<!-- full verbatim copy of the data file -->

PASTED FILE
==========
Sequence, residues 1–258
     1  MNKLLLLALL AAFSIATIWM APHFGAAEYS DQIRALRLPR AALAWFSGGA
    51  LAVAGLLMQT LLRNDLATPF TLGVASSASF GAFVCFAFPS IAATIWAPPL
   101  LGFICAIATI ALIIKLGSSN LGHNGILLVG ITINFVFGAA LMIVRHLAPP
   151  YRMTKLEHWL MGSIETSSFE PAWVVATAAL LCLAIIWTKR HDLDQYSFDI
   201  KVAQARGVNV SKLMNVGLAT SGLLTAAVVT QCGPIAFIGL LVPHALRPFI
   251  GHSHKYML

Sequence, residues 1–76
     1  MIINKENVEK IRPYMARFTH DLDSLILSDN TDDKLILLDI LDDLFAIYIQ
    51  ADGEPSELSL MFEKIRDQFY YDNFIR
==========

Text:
Sequence, residues 1–258
     1  MNKLLLLALL AAFSIATIWM APHFGAAEYS DQIRALRLPR AALAWFSGGA
    51  LAVAGLLMQT LLRNDLATPF TLGVASSASF GAFVCFAFPS IAATIWAPPL
   101  LGFICAIATI ALIIKLGSSN LGHNGILLVG ITINFVFGAA LMIVRHLAPP
   151  YRMTKLEHWL MGSIETSSFE PAWVVATAAL LCLAIIWTKR HDLDQYSFDI
   201  KVAQARGVNV SKLMNVGLAT SGLLTAAVVT QCGPIAFIGL LVPHALRPFI
   251  GHSHKYML

Sequence, residues 1–76
     1  MIINKENVEK IRPYMARFTH DLDSLILSDN TDDKLILLDI LDDLFAIYIQ
    51  ADGEPSELSL MFEKIRDQFY YDNFIR